Jane Manchun Wong, a computer science student at the UMass Dartmouth, discovered the feature when looking inside of the Android application package (APK) for Twitter.
APKs, which are how the Android operating system installs mobile apps, often contain code for unlaunched features and code in the most recent release suggests an encryption feature is being tested.
DMs on Twitter are currently transmitted in plain text, which mean that they are visible to everyone who has access to them on Twitter’s network.
By introducing end-to-end encryption, the messages would be completely unintelligible to Twitter or anyone else who does not possess the decryption keys.
Ms Wong explained to Sky News how she discovered the feature. She said: “In layman’s term (hopefully), I alter the settings of their app’s hidden feature tests on my phone.
“They usually do tests like that to get feedback before rolling it out globally. Kinda like study groups.”
The ability to send secret and safe messages could protect users from malicious parties with access to Twitter’s network.
It is not yet clear whether the feature would be available for desktop Twitter users, or if it would only be used in the app.
Ms Wong said she doubted Twitter would make encrypted DMs available on desktop: “It would be too much work to implement that securely.”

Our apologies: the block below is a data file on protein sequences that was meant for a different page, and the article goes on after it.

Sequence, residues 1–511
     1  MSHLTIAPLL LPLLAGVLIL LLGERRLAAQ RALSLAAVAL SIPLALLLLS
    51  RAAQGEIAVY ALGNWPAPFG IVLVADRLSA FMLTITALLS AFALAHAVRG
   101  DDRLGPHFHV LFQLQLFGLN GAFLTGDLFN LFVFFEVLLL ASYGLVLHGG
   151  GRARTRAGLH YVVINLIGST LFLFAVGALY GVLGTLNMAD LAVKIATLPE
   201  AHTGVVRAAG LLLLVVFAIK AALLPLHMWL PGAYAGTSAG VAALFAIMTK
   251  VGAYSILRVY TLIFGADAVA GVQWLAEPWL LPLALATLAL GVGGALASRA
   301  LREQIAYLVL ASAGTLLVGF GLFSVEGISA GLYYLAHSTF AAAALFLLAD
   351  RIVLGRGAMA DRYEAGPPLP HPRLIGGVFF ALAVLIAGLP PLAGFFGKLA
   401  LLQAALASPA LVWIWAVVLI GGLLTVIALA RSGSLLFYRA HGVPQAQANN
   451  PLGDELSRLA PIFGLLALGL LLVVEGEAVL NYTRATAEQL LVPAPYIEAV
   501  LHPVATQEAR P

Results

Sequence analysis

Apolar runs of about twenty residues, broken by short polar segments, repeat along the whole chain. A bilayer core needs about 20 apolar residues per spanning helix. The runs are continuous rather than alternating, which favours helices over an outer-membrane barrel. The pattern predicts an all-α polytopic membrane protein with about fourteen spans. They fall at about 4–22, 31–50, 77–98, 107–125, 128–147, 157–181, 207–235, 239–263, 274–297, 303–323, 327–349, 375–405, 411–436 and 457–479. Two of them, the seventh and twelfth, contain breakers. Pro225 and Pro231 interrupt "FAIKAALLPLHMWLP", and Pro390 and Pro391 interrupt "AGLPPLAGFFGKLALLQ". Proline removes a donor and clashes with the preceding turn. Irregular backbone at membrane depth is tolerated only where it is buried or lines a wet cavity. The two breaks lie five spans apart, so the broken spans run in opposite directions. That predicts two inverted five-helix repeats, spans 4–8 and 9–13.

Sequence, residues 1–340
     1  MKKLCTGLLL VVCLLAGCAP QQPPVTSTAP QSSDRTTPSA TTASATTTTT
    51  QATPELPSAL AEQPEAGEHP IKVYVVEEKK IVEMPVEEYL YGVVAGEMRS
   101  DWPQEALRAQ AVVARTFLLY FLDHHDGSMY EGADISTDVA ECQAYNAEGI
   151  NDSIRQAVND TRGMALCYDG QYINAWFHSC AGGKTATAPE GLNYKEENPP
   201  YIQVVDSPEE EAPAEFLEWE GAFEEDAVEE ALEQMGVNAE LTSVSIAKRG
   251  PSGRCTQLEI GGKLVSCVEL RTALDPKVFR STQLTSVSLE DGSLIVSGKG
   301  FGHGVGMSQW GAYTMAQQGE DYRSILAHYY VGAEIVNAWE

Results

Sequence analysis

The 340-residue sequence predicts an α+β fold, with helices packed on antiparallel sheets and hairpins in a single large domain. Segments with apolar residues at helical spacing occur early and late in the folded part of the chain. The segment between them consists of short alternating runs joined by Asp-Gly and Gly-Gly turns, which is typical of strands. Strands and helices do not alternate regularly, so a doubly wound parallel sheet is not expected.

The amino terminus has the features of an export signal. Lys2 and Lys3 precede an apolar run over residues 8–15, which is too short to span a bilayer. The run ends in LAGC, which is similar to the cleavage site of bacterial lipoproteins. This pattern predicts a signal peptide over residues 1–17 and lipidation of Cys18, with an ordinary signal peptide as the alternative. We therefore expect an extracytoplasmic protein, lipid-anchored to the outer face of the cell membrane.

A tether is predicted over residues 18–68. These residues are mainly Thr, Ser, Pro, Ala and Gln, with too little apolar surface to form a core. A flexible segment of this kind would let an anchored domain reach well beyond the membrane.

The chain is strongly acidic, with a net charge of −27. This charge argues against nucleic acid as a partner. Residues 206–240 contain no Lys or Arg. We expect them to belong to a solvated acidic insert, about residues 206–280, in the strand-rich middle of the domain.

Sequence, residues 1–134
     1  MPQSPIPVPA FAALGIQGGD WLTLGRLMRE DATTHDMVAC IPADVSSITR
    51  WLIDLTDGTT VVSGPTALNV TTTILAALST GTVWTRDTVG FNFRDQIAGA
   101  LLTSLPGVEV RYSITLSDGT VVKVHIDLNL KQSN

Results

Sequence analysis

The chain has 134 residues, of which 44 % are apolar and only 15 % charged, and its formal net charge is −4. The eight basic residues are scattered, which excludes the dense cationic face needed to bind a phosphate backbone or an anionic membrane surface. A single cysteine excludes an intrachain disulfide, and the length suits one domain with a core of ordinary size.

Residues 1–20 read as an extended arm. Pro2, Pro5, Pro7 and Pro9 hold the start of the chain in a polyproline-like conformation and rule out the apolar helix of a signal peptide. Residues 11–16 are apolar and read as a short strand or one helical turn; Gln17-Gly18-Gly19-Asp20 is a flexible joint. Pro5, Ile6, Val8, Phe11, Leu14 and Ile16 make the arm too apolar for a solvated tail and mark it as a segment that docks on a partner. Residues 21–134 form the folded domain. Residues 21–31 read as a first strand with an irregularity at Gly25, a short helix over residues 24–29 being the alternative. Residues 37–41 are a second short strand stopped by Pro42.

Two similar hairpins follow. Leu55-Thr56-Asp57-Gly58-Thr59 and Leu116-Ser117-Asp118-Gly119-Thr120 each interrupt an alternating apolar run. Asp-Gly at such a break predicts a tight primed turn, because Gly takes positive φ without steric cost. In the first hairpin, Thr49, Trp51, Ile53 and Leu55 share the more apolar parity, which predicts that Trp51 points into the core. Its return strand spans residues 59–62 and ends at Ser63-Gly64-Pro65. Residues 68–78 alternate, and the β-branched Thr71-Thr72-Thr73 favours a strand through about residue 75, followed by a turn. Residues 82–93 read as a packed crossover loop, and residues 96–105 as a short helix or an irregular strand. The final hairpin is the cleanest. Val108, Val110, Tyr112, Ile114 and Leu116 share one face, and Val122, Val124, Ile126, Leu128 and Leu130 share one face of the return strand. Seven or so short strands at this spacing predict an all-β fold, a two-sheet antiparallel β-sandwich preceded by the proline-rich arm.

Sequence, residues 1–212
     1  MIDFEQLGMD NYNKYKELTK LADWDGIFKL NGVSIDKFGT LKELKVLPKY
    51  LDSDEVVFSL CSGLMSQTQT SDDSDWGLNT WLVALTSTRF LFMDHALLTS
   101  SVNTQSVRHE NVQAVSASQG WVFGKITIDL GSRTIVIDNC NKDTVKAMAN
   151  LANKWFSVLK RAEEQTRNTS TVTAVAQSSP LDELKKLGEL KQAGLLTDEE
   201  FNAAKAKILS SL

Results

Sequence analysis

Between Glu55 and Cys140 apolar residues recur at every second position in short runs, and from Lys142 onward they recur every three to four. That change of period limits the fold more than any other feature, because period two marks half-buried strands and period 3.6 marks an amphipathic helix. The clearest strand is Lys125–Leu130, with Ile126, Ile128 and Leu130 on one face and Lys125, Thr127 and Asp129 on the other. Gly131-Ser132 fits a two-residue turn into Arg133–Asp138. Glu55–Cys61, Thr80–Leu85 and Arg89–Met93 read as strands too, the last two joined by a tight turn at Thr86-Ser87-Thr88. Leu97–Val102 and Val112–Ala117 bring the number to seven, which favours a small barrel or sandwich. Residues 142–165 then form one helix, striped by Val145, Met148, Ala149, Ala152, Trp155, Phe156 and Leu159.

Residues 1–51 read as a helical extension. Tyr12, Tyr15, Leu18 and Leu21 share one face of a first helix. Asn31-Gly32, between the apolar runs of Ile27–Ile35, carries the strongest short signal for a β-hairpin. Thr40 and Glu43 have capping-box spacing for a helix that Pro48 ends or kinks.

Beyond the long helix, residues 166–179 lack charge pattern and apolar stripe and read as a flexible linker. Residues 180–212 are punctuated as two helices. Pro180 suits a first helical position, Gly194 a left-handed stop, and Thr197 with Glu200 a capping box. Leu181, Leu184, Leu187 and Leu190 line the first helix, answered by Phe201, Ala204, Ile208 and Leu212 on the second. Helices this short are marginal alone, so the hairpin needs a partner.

In a screenshot she shared with Sky News, the feature for a secret conversation appears to present users with their keys in a similar fashion to messaging apps WhatsApp and Signal, both of which use the Signal encryption protocol.
“It sure looks similar to what we see on WhatsApp. But as long as Twitter hasn’t officially confirmed it yet, it’s still up to speculation on whether it trials the Signal protocol,” said Ms Wong.
In the last week of April, Twitter posted its second consecutive quarterly profit as it added more users and reaped the benefit of streaming video.
As regulators criticise both social media companies and the widespread availability of encryption for the challenges they allegedly present to public safety, Twitter’s decision to roll-out secret messaging may invite more criticism.
The company did not immediately respond to a request for comment.